You approach the bouncer and fumble for your ID that proves you are old enough to enter your first 21+ concert. You hold it up, and the bouncer waves you inside. You are confused when the person inside the door grabs your hand and stamps it with old, aging ink, as if she were issuing you some right of passage. You walk up a flight of dimly lit stairs and enter a room full of people, and you see the stage with a blue light shining down on a couple of guitars and a microphone. You grab a beer, and join the standing crowd of listeners. The concert is great. It is the kind of concert during which the audience is captivated and silent, lingering on the artist’s every melody. You are in awe. It ends. You leave that room very happy. When the cold air of the outdoors hits your face, you take a deep breath. You feel elevated – inspired.
These are the feelings that I experience when I listen to Ashton York’s newly released album “You Are My Sanity.” It is a soundscape that allows you to be in moments – moments of happiness, of sadness, and of solidarity as a human being. To be human is to feel. We have all felt the feelings and dreamed the dreams that Ashton vocalizes in this album. And he does it with such honesty and poetic success.
T.S. Eliot wrote, “Poetry may make us from time to time a little more aware of the deeper, unnamed feelings which form the substratum of our being, to which we rarely penetrate; for our lives are mostly a constant evasion of ourselves.”
This quote is an on-point illustration of how real Ashton’s music is. Aside from the lyrical power of the album, the music is brilliant. The strong melodies are coupled with the softness of Ashton’s voice, leaving us wanting more. When I interviewed Ashton, I was interested to hear how he wrote the album, where he found his inspiration, and the grit and determination it took to make it happen.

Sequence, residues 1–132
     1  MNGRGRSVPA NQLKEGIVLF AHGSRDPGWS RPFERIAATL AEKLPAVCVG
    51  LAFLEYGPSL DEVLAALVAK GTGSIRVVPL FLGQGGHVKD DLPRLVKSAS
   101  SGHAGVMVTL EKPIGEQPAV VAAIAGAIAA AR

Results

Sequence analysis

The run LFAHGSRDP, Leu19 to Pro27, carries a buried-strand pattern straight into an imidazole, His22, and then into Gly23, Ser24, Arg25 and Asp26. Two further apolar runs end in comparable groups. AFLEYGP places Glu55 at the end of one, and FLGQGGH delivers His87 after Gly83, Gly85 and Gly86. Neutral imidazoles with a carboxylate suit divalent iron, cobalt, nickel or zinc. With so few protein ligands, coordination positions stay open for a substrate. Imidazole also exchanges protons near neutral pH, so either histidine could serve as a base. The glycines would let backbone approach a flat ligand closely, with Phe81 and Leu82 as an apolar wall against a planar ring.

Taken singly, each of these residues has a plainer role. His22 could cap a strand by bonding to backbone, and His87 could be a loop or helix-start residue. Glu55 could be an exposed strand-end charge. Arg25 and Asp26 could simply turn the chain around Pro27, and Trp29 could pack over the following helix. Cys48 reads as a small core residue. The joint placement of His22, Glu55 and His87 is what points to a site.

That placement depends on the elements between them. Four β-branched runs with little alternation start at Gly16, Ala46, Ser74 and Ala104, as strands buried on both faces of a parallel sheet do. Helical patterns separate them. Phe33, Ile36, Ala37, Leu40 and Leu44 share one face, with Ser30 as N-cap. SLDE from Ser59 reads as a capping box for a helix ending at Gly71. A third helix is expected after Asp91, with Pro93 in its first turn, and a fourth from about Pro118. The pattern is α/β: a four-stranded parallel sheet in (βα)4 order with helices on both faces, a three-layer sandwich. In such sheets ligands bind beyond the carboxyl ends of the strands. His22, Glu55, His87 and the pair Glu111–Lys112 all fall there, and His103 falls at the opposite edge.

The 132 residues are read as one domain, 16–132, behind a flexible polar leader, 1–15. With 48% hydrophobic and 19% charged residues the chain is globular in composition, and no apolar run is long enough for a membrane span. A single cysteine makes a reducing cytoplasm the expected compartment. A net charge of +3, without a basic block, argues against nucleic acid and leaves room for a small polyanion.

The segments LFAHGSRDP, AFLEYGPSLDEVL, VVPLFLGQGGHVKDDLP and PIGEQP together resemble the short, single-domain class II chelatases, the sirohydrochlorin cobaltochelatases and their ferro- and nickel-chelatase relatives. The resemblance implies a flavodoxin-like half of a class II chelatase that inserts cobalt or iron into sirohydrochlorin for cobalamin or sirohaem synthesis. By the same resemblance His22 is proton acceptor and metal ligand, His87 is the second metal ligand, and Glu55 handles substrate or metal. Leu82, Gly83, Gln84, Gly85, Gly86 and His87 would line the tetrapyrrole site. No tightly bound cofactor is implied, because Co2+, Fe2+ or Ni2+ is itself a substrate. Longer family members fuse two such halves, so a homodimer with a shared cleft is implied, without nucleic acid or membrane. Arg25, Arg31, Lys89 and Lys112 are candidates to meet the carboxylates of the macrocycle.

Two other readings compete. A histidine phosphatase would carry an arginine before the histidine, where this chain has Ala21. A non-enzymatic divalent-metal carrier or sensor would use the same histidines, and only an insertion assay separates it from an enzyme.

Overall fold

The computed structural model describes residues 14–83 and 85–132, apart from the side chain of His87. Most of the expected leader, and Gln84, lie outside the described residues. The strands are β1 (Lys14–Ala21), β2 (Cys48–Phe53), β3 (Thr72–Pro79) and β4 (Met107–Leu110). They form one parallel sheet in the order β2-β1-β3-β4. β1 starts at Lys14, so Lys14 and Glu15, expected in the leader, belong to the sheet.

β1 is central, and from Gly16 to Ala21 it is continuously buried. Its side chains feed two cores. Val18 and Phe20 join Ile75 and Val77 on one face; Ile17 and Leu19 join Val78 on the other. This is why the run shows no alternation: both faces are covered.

What inspired you to write “You Are My Sanity”?
The album is a culmination of songs from the past five years of my life. I was writing the songs long before the concept of the album came to me. Two years ago, I began putting the pieces together and planning the project. It was my girlfriend, Sarah, who first suggested I record the material. She was the initial inspiration behind the whole thing.
Did anyone collaborate with you (writing/recording)?
I wrote all the music and lyrics. Sarah recorded vocals and cello. And I recorded all the instrumentation, a part from the drums/percussion, which was performed by my friends Tyler and Javier.
How long did it take you to record this album?
Tracking and Mixing took about a year. I crowdfunded some funds to help, and paid for the rest myself, so we took each day as I could afford it.
Who produced “You Are My Sanity” and Where did you record it?
Greg Francis engineered, mixed, mastered, and helped arrange the whole album. He and I produced it together. We recorded at “Discrete Studios” in the Hyde Street Studio building in San Francisco. We’ll definitely be back.
Do you have any plans to record an album in the future?
Yes! Pre-production starts in July for my next project. I will definitely be working with Greg again.
Do you have plans to tour?
There is nothing currently planned, but I hope to start playing live regularly by Fall. There is a lot of new material to play, but focusing on recording another record is my priority at the moment.
What keeps you going?
Every time I’ve tried to run away from music, I am not allowed to. Life will not allow me to do that. Sarah believes in me and reminds me that music is something I need to be loyal to, because it makes me happy, and I need to believe that what I have to share is valuable.
Ashton has created something beautiful. I admire how dedicated he is to his music, and that this album is a piece of art that took time to create. One thing that I learned from listening to the album and interviewing Ashton is that amazing things can be created, as long as you are patient with yourself, with the process, and give yourself and your art room to breathe. I know for myself, I get caught up in the idea of “this will never happen”, but Ashton is an inspiration that proves that it can happen, you just have to do it, and take whatever time is necessary to make it happen.